Kage Baker loved the silent movies. Talkies were well established, of course, by the time she was born; but the old films showed up late at night pretty regularly. Kage – who was often insomniac when she was little – sometimes watched telly when almost everyone else in the house was asleep – many’s the time I remember watching the station sign offs: the waving American flag and the National Anthem; fading into the ever-familiar test pattern. We both loved that; I rather miss it now.
For some reason – which I guess had a lot to do with cheapness and lapsed copyrights – old silents showed up on afternoon kiddie cartoon shows, too. Kage was a firm fan of those, and since she could read by age 4, she watched them avidly. She’d read out the caption cards for the smaller kids, but I think she rather improved them as she went along … I remember some really weird plots that I never saw again in adulthood.
Much, much later, Kage wrote her column on silent science fiction films, Ancient Rockets, for Tor.com. And it was eventually published in book form, by the inestimable Jacob Weisman of Tachyon Publications, of whom and which I have spoken here. Well, Cat Eldridge, editor of Green Man Review (http://greenmanreview.com/) and Sleeping Hedgehog (http://sleepinghedgehog.com/) is reviewing that book soon. Being an old friend of Kage’s and mine, he wrote to ask me how Kage came by her love of the old movies, the silent silver screen … and that got me to thinking, Dear Readers, of our long ago and weird as hell childhood.
Man, there was no way she could have avoided it! We were industry brats. When Auntie was a movie star – and Anne Jeffreys was, you bet your ass – Momma was her stand-in. Our playmates’ daddies were painters, grips, camera men, directors; half the houses in the hills were illegal compilations of bits of old sets, put up by prop men and carpenters between movies as hooches. The house next door was Momma’s rental property when we were kids; later it became the maison d’homme where all our brothers laired. But it had begun as a bootleg movie processing lab – the porch that ran all around the second story was for lookouts, watching out for Edison’s Pinkerton men coming up the Cahuenga Pass with axes and kerosene to burn them out … Kage grew up on those stories, fascinated and silent herself, filing all those mad tales away.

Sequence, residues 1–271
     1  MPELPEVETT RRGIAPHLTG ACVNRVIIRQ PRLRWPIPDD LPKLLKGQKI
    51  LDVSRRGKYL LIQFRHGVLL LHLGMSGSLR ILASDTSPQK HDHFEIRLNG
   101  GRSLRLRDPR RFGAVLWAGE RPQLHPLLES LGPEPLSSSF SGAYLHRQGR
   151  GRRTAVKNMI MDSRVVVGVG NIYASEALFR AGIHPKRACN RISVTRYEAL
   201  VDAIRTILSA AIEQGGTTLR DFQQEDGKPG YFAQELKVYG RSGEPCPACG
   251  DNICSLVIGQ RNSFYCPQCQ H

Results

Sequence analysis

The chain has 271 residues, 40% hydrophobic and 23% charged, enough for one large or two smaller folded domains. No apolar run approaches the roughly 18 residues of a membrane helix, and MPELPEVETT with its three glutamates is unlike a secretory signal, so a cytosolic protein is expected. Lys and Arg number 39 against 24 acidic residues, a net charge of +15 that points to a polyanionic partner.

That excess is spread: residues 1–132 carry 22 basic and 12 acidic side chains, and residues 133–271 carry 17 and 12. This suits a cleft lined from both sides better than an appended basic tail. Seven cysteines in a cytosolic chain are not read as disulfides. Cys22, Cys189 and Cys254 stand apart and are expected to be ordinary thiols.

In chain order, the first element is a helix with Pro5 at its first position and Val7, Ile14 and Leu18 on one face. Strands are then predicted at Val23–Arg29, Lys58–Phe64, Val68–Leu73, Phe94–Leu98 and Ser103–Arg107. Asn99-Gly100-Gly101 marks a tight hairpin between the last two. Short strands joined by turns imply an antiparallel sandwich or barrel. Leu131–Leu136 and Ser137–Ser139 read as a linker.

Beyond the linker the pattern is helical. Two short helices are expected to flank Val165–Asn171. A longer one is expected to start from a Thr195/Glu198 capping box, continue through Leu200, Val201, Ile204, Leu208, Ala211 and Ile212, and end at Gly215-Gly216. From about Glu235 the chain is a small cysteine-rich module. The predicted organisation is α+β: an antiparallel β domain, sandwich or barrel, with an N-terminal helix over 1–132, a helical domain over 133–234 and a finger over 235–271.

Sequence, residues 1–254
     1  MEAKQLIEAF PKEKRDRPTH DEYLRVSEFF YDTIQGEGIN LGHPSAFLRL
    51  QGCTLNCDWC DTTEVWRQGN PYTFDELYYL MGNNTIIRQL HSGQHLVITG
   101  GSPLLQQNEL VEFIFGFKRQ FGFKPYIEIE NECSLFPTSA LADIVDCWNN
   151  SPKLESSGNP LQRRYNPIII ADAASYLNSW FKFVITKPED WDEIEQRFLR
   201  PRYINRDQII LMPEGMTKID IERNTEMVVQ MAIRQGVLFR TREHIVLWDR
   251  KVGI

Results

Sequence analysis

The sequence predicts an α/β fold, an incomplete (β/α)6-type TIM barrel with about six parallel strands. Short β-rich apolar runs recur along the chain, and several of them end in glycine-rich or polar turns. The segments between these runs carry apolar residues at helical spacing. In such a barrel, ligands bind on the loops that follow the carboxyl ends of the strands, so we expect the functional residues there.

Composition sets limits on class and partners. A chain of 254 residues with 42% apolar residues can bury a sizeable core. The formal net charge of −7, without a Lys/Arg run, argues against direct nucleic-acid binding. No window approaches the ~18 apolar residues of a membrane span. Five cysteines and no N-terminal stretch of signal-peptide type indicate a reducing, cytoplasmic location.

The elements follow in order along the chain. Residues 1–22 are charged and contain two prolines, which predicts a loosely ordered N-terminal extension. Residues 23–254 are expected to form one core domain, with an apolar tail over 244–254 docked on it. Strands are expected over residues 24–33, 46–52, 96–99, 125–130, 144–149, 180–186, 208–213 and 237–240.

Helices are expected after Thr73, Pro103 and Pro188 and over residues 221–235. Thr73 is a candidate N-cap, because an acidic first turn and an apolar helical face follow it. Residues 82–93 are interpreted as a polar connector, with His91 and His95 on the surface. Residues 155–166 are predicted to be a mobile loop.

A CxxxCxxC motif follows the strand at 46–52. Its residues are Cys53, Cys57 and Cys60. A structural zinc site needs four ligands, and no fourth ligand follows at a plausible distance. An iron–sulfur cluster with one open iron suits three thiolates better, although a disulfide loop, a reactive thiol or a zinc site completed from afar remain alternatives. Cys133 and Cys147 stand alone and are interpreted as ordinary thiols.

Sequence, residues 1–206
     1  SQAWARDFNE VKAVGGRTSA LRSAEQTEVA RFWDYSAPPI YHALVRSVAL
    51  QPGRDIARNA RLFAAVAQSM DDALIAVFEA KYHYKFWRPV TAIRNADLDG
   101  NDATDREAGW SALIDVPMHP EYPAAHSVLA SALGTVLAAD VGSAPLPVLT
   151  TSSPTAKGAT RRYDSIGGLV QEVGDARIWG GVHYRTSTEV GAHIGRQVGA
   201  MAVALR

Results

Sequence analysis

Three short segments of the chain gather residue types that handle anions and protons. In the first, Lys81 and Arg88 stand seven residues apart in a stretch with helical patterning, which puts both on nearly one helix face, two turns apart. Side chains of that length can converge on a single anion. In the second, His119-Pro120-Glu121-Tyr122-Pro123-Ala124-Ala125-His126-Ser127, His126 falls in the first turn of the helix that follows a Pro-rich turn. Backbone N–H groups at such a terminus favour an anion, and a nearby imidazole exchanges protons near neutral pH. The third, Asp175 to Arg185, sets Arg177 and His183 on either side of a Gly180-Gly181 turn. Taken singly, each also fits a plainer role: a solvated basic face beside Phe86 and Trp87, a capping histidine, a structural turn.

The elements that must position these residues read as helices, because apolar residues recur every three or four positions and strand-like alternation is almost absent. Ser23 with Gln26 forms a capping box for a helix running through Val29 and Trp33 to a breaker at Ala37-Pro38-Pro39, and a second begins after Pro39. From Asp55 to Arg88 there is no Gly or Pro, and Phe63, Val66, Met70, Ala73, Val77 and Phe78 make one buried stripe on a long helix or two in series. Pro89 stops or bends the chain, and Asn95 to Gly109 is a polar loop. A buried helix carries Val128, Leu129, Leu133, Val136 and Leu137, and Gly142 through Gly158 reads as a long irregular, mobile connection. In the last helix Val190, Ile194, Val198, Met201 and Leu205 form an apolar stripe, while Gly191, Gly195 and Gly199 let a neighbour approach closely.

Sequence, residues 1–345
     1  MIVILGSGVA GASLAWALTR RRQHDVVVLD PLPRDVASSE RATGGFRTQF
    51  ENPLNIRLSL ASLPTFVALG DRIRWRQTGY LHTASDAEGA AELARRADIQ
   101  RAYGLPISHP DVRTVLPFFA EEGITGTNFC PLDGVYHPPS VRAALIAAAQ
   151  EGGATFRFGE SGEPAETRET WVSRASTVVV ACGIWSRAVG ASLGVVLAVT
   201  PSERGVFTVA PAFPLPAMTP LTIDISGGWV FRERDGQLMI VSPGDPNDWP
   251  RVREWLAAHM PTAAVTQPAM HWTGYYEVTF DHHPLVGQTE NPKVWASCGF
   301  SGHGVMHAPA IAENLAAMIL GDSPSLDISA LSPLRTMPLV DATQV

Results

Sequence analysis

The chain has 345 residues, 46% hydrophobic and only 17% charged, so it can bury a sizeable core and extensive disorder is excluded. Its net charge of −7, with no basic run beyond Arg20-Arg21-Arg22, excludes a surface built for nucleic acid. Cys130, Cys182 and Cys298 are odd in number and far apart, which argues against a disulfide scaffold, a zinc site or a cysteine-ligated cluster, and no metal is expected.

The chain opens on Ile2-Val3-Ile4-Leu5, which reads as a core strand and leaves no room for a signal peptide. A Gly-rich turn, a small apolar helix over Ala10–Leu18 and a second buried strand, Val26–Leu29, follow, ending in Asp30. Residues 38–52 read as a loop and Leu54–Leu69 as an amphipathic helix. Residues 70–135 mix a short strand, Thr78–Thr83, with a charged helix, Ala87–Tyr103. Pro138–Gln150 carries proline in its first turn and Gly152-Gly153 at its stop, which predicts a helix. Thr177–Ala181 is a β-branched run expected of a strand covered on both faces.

Movie stars were pointed out to us in the local markets, and Momma taught us not to see them: because they needed some privacy. She showed us where they lived, too; where they really lived, not out of date addresses hawked on a street corner. And there were parties at the house sometimes, and quite famous people would be up there amid Momma’s rose bushes and irises, lounging about eating barbecue, drinking crazy cocktails – and feeding the fruit spears from their drinks to the little redhead in the sun suit, wandering around at knee level like a big-eyed bubble.
Kage never forgot anything. The things she saw, the conversations she overheard, the stories she absorbed from 3 feet over her head – she remembered them all. Some made it into her stories. They all informed her view of the cinema, and gave her a unique opinion of it all. It did that to all of us – well, I’m sure about us girls; not so sure our semi-feral brothers absorbed much. But Kage most certainly was aware that she grew up on the edges of Faerieland, and so was I.
I remember how impressed we were to be allowed on to the set of the television show Topper, where Auntie played a ghost. What most thrilled me about it was meeting Neil, the alcoholic ghost Saint Bernard: biggest dog I ever met, and very sweet. I remember playing between the paws of the Sphinx on a summer evening; a spare Sphinx sat outside Paramount’s Lemon Grove Gate for years, and we used to clamber around under its Pharaonic beard. There were old props all over the house and garden: cavalry sabres (real), flintlocks (fake), Grecian temples (real but plywood, not marble).
So it’s impossible to tell exactly where and when Kage developed her devotion to early cinema. Just as an analysis of her teeth would have shown the mineral signature of the Lake Hollywood water she drank as a child; just as her DNA carried echoes of Welsh hill forts and Algonquin long houses – impossible to pin down when the marks were put there, except that she had carried them all her life. So you might as well say she was conceived that way. She was bred in the land of fantasy. She was born a story-teller.
It just couldn’t have been any other way.